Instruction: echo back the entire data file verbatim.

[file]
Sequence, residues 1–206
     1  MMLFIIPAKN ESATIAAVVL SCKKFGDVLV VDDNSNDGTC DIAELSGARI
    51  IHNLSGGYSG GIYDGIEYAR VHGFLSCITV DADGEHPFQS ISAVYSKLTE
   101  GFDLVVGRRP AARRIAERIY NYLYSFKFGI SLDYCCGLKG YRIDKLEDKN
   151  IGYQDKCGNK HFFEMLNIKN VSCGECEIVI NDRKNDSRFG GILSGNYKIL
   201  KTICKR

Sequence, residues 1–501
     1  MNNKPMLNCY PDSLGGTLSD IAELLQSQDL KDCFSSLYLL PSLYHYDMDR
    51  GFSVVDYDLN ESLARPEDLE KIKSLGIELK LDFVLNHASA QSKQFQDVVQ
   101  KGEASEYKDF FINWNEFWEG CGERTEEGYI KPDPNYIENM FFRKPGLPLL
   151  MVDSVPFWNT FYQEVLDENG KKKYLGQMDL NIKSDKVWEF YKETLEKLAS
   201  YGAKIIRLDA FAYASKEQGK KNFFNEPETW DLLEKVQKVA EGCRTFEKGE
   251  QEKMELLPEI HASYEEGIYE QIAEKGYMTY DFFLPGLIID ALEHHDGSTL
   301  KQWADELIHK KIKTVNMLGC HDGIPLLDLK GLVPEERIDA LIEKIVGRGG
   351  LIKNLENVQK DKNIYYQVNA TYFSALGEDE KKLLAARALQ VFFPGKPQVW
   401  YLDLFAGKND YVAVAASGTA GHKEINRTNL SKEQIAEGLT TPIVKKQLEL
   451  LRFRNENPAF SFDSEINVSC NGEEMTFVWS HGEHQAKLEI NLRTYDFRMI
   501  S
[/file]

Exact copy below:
Sequence, residues 1–206
     1  MMLFIIPAKN ESATIAAVVL SCKKFGDVLV VDDNSNDGTC DIAELSGARI
    51  IHNLSGGYSG GIYDGIEYAR VHGFLSCITV DADGEHPFQS ISAVYSKLTE
   101  GFDLVVGRRP AARRIAERIY NYLYSFKFGI SLDYCCGLKG YRIDKLEDKN
   151  IGYQDKCGNK HFFEMLNIKN VSCGECEIVI NDRKNDSRFG GILSGNYKIL
   201  KTICKR

Sequence, residues 1–501
     1  MNNKPMLNCY PDSLGGTLSD IAELLQSQDL KDCFSSLYLL PSLYHYDMDR
    51  GFSVVDYDLN ESLARPEDLE KIKSLGIELK LDFVLNHASA QSKQFQDVVQ
   101  KGEASEYKDF FINWNEFWEG CGERTEEGYI KPDPNYIENM FFRKPGLPLL
   151  MVDSVPFWNT FYQEVLDENG KKKYLGQMDL NIKSDKVWEF YKETLEKLAS
   201  YGAKIIRLDA FAYASKEQGK KNFFNEPETW DLLEKVQKVA EGCRTFEKGE
   251  QEKMELLPEI HASYEEGIYE QIAEKGYMTY DFFLPGLIID ALEHHDGSTL
   301  KQWADELIHK KIKTVNMLGC HDGIPLLDLK GLVPEERIDA LIEKIVGRGG
   351  LIKNLENVQK DKNIYYQVNA TYFSALGEDE KKLLAARALQ VFFPGKPQVW
   401  YLDLFAGKND YVAVAASGTA GHKEINRTNL SKEQIAEGLT TPIVKKQLEL
   451  LRFRNENPAF SFDSEINVSC NGEEMTFVWS HGEHQAKLEI NLRTYDFRMI
   501  S